Day four of SXSW dawned a rainy, slushy mess and it stayed that way. Austin was transformed from a BBQ-and-band mecca into sloppy slush pit with everyone scurrying to the nearest venue. This change in weather had just one benefit, I suppose: you ended up catching some artists that might not've been on your list. Like Ryn Weaver who first made waves over the summer thanks to the quavery synth-pop of "OctaHate" (and some supportive tweets from ladies like Jessie Ware and Hayley Williams). Nine months later and that tune has had over three million plays. The 22-year-old is an excitable tumult of a performer with a belter of the voice, even if her songs occasionally come off a tad overcooked.
Other highlights include Tei Shi with her newly teal-tinted hair. I've been fan-girling about her for 18 months now, wondering why she hasn't blown the eff up, but actually this Brooklyn-based singer needed a moment to find her footing. I'm not even talking in terms of music—her debut EP, Saudade, is assured, inventive, and beautiful—but watching her at Fader Fort versus a year ago at Mercury Lounge in NYC, and the comparison is stark. Her confidence has swelled and that has given her the freedom to really perform. Plus new songs like the creeping future-pop of "Go Slow" and "See Me," which hangs on a simple bassline and Tei Shi's rippling, siren-esque incantations, are commanding and poignant even in their sonic restraint.
Tei Shi. Photo via elreygato.
After that I had a little pause for some sushi spurred on by this thankfully unsent text (to Noisey Editor-in-Chief, no less) which my ass accidentally typed out. I felt like I was trying to tell myself something and I should listen to what my subconscious was trying to communicate.
Favorite exchange I observed:
A plaid short-and-plaid-blazer-wearing nerd asking OG Maco for selfie at 4 AM in front of a shawarma food truck. He then asked the dude next to him, “Who was that guy?”
Favorite whisper I heard that I hope was true:
That Miley Cyrus was going to join Lolawolf in a hotel room to shoot a budget video. I’m praying for a slo-mo pillow fight sequence between Zoe Kravitz and Miley. Come on ladies, say you did this.
Favorite thing overheard last night:
“I wish I had my hair back, man. I used to have wild, curly, long hair and people used to stop me at the airport for my autograph.”
Favorite thing an uber driver told me:
My 5 AM Uber drive was keen to inform me that although he wasn’t stoned he had in fact just emerged from a house party where A$AP Rocky was in attendance. Turns out said Uber driver had been invited into the party by the passenger he was ferrying there. Uber driver told me was fascinated watching A$AP roll a joint, and how when he moved from room to room, people constantly orbited around him like a halo.
Favorite female sibling band:
The Brooklyn-based sisters, Chaos Chaos (who used to be preteen band Smoosh) are now in their early 20s and crafting sparkly synthpop that's just the right amount of skewed and tilted. (Listen to “Breaker” for evidence.)
The Cribs at Parish.
Standard behavior at The Cribs.
Favorite male sibling band:
The Cribs are one of the finest bands the UK has ever produced—of this I'm absolutely convinced. It's not their first time at the rodeo that is SXSW—the trio of brothers have been a band for over a decade—but in two days they'll drop their sixth record, the Rick Ocasek-produced, For All My Sisters, which is what brings them here to soggy-ass Austin. From "An Ivory Hand" (note the nod to Weezer), to the sweet, but spiky "Different Angle"—their new record is classic Cribs: bristling, tender, hook-heavy. And it's been a minute. Although Ryan released a 2013 EP under the name Exclamation Pony, via Julian Casablancas's label Cult Records, this is the band's first full length since 2012. Tonight the dude-heavy crowd includes the Yeah Yeah Yeahs' Nick Zinner, The Vaccines, and Carl Barat of The Libertines.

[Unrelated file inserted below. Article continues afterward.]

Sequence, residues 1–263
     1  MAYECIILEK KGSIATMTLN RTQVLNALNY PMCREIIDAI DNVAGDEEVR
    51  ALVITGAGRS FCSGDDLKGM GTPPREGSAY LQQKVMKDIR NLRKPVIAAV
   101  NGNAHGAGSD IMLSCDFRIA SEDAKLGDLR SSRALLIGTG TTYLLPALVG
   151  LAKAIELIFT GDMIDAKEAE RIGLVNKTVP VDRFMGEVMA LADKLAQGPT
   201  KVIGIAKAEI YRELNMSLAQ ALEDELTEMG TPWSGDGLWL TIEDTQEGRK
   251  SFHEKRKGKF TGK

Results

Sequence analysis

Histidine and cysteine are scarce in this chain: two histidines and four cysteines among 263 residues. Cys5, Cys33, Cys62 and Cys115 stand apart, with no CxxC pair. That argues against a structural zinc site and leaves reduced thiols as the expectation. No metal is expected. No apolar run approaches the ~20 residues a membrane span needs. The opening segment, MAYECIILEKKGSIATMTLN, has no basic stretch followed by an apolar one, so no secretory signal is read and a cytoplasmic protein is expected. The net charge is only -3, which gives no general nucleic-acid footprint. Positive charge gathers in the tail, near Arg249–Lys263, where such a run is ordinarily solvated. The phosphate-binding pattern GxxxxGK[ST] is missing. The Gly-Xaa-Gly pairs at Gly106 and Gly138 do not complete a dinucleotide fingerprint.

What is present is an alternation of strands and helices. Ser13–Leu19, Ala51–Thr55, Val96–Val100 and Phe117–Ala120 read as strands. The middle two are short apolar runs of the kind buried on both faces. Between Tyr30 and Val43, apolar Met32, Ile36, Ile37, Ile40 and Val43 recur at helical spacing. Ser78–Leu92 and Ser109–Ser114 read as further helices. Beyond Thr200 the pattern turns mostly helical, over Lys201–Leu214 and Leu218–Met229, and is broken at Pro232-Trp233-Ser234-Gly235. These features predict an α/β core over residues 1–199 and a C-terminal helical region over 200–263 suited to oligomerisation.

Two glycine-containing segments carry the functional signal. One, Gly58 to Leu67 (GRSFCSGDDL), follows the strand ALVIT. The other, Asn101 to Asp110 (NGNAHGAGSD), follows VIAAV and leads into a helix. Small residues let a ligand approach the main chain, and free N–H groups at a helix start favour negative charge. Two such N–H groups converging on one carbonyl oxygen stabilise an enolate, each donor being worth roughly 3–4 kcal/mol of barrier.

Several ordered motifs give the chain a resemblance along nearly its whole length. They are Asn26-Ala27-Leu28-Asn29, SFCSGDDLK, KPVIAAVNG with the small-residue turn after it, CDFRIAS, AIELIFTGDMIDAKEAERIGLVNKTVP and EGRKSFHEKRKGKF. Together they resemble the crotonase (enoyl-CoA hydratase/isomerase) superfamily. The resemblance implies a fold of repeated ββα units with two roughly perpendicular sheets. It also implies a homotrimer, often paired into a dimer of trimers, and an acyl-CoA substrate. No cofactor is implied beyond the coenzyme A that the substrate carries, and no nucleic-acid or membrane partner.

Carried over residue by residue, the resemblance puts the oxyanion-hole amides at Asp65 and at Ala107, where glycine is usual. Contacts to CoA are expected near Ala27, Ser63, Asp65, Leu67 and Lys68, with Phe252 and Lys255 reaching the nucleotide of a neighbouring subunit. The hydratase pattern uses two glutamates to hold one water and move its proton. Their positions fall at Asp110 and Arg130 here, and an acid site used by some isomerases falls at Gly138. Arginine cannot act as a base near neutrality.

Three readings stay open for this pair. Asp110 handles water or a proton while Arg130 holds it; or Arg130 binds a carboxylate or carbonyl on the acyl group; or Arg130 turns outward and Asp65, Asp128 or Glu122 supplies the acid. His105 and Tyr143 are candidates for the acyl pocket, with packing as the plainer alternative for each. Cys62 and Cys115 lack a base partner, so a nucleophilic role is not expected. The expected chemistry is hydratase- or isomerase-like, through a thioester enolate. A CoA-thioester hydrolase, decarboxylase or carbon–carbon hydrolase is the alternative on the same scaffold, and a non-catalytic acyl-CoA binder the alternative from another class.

With Ross holding it down on drums, the see-sawing tension and release and rage and tenderness between identical twins, and dual frontmen, Ryan and Gary, is what make The Cribs such a killer songwriting partnership. Not to mention a live force like few others around today. They're each other's dramatic foils: Ryan, pale, skinny, chaos-courting and crowd-baiting, versus Gary, just a smidge more meat to his bones, he's at least recently glimpsed the sun, and his sturdy basslines anchor and drive the band's genius. Quite apart from the new material, the Wakefield brothers' early cuts like "Mirror Kissers" and "Hey Scensters!" are strikingly prescient. The former, with its shouty refrain of "The mirror kissing ways of the hipster type," was written over 10 years ago, way before selfie-snapping and online personal brand curation became the Millenials ultimate time-suck.
The Cribs are watching us and they're watching themselves. They're assessing and digesting and translating the human condition in strokes that are broad and adroit and pointedly accurate. The fact that the trio's live performance are, legendarily, a mass of colliding bodies, a squalling yet deeply melodic group catharsis full of singalong moments, means they (continue) to pack a solid punch, but they're also so much more than a late night good time that'll land you with a thumping headache the morning after. The Cribs are important and we need them. So thank fuck they're still around.
Oh and then I caught Snoop. Sup Snoop!
Kim Taylor Bennett needs a cup of tea. Follow her on Twitter.